Sulphadimidine has proven to be clinically useful since its introduction in both human and veterinary medicine as therapeutic agent for a wide range of microbial diseases (Bywater, 1982; Bevill, 1991; Grshame-smith and Arouson, 1992). The disposition kinetics of this drug has been reported in various animal studies (Nielsen and Rassmussen, 1979; Onyeyili et al., 1997). Onyeyili et al. (2000) investigated the effect of starvation on the kinetic profile of sulphadimidine in broiler chickens.
Anorexia or loss of appetite for food which may result in acute starvation is a prominent feature of some protozoan and bacterial infections and this fact should be an important consideration in the use of this drug since loss of appetite and/or absence of food in take could affect sulphadimidine metabolism and elimination.
Despite the extensive use of this antibiotics in this environment, there has been limited information on the kinetic profile of the drug in animals, thus the current research effort is to address this.
MATERIALS AND METHODS
This study was conducted in the Department of Pharmacology, College of Health Sciences, Usmanu Danfodiyo University, Sokoto in February 2005.
Animal and treatment: Eight adult rabbits of both sexes weighing between 1.2 to 1.8 kg were used for this study. The animals were purchased locally, kept singly in cages, watered freely and fed with rabbit pellets and vegetable for a forth night before the commencement of the experiments.
At the beginning, the rabbits were dosed intravenously with sulphadimidine (100 mg kg-1 body weight) and blood samples collected from contralateral veins into vials containing EDTA as anticoagulant. The blood samples were collected at 15 min before the drug treatment, then 0.25, 0.50. 1.0, 3.0, 6.0, 12, 24, 36, 48 and 72 h after the drug administration. The collected samples were immediately centrifuged and the separated plasma was stored at 20°C pending the determination of sulphadimidine concentrations.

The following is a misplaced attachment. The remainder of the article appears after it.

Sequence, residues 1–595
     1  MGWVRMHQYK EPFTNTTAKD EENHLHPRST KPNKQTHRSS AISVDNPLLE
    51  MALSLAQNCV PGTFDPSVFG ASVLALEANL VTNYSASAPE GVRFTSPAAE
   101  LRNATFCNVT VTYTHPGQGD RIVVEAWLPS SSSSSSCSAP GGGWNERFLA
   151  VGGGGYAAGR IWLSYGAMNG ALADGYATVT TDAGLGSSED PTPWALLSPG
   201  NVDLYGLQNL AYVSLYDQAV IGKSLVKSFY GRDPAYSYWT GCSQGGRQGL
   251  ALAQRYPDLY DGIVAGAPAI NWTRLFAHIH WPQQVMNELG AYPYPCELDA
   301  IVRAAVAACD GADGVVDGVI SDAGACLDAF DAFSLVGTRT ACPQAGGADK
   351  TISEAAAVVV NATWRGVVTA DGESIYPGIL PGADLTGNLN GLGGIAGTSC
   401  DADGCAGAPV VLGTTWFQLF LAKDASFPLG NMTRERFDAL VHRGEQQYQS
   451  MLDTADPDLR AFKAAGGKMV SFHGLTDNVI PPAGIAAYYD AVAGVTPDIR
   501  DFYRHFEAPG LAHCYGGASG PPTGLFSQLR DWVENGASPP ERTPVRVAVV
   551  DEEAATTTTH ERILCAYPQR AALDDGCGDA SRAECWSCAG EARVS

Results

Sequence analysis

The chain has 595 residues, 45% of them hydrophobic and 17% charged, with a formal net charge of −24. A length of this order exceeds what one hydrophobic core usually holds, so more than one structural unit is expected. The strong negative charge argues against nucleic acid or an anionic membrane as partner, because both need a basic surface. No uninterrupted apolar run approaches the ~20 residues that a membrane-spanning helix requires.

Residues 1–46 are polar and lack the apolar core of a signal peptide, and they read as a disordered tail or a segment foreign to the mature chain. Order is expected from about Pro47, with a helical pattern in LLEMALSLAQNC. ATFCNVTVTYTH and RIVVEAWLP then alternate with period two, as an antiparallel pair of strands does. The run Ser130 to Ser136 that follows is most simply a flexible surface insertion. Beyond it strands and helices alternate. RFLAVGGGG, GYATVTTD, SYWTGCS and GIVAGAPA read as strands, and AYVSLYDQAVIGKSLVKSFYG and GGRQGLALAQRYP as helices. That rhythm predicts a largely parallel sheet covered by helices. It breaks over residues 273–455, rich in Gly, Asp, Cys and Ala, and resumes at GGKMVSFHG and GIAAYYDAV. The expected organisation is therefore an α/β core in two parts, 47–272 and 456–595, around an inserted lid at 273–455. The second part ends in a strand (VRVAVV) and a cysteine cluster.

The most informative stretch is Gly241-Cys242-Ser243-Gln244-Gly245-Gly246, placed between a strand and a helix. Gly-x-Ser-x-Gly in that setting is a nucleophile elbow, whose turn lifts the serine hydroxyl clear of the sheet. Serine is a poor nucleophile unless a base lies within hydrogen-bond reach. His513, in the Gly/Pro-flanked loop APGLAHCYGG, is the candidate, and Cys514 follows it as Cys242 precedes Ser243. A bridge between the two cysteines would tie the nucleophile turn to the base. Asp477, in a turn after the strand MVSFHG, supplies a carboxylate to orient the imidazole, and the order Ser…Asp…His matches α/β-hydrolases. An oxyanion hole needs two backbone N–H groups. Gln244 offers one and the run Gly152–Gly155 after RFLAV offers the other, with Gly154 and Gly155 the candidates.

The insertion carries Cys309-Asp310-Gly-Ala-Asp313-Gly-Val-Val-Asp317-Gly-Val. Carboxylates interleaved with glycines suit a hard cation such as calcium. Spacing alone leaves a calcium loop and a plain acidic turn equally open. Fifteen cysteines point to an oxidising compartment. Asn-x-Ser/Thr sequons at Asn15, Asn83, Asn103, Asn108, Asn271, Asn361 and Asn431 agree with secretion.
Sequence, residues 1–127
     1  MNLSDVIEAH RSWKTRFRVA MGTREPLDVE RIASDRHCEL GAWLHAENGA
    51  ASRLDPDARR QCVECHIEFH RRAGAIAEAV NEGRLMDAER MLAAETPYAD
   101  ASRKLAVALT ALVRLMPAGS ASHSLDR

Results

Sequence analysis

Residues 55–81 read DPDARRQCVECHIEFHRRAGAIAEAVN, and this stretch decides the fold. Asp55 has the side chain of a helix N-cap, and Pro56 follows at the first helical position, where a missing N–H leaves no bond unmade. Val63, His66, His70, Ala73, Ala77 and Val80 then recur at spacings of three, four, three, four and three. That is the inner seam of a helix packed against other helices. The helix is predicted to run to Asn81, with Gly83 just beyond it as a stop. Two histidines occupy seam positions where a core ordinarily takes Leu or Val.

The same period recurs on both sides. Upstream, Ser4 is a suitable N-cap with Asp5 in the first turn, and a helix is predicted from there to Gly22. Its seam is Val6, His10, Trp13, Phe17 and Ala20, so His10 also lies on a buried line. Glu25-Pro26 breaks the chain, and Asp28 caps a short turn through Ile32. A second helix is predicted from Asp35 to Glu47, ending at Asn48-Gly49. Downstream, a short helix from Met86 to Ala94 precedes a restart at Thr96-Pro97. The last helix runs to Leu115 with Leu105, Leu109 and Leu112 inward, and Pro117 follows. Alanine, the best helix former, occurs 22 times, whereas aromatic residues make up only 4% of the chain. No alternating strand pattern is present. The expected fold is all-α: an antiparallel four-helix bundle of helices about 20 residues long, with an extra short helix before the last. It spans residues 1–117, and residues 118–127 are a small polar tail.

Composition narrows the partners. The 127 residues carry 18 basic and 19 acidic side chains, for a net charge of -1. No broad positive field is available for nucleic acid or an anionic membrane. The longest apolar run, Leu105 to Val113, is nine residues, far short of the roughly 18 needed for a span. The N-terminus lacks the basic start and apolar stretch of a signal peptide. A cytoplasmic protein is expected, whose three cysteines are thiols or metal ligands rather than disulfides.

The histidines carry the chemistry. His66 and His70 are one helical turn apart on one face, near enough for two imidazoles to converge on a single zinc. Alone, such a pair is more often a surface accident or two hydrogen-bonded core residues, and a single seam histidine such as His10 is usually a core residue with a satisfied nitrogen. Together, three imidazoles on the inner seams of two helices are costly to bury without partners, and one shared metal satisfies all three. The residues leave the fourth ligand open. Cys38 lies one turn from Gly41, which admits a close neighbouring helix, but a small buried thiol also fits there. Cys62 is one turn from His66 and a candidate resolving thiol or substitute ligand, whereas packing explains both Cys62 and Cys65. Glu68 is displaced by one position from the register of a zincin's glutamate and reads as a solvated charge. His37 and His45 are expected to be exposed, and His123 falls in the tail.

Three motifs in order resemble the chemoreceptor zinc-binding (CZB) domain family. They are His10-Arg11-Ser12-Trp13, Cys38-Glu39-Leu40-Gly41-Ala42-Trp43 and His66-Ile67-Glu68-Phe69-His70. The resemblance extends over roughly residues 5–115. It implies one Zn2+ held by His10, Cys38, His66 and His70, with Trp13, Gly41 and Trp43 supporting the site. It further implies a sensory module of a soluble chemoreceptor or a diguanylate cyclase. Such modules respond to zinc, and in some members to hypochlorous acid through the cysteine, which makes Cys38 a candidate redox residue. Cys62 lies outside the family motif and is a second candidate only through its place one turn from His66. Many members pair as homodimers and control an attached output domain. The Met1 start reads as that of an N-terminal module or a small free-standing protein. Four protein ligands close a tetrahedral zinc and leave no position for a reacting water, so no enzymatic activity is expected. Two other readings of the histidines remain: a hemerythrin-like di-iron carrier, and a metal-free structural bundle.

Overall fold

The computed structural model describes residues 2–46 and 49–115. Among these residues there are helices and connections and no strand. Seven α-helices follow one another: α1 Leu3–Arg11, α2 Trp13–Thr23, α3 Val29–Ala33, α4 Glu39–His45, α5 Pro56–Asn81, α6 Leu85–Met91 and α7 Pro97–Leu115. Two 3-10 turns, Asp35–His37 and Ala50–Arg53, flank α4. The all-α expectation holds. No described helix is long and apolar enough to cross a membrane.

The same set of the animals was reused for the second phase of the study but after a period of four weeks. This time, they were given only drinking water but no food for 48 h before the administration of the drug. Sulphadimidine was then administered intravenously at the same dose and blood samples collected and processed as indicated above.
Determination of sulphadimidine from plasma: The determination of free
(direct reacting) sulphadimidine in blood samples was done using the modified
chemical assay method described by Bratton et al. (1939) and later used
by Onyeyili et al. (1997) to determine the sulphadimidine concentration
in the plasma samples of chicken. Briefly, in the modification: 0.2 mL of the
plasma was mixed with 3.8 mL of distill water. The mixture was treated with
1.0 mL of 20% trichloroacetic acid. The supernatant obtained was further mixed
with 0.1% sodium nitrite, ammonium sulphate and 0.5% N-(1-naphthy1) ethylene
diamine dihydrochloride. The optical density of the resultant colour changes
was measured using spectrophotometer at 540 nm. The following formula was then
adopted in calculating the concentrations of sulphadimine in the plasma.
Where, D, is the concentration of drug in the unknown sample and the Standard prepared by serial dilution of a known concentration of the original drug in plasma.
Calculation of pharmacokinetic constants: Pharmacokinetic analysis was performed by standard procedures (Baggot, 1977) and Instat 3 software was used for non-linear regression analysis. Two-compartment open model was confirmed using a log linear plot of drug concentration in plasma against time and least squares analysis linear regression. The following pharmacokinetic parameters and constants were determined. Zero time intercept distribution phase (A), Zero time intercept elimination phase (B), concentration of drug at zero time (Cp°), area under the concentration-time curve (AUC), elimination rate constant (β), total body clearance (CL), Volume of distribution (Vdβ), elimination half-life (t½β). These parameters were calculated according to standard procedures (Gilbaldi et al., 1969; Gilbaldi and Perrier, 1982).
Statistical analysis: The result of the disposition study were expressed as mean±SD. Tests for significance between parameters in respect of non starved and starved rabbits were performed using students paired t-test. And the null hypothesis was rejected at 5% level of probability. All the data were analyzed using Instat 3 software.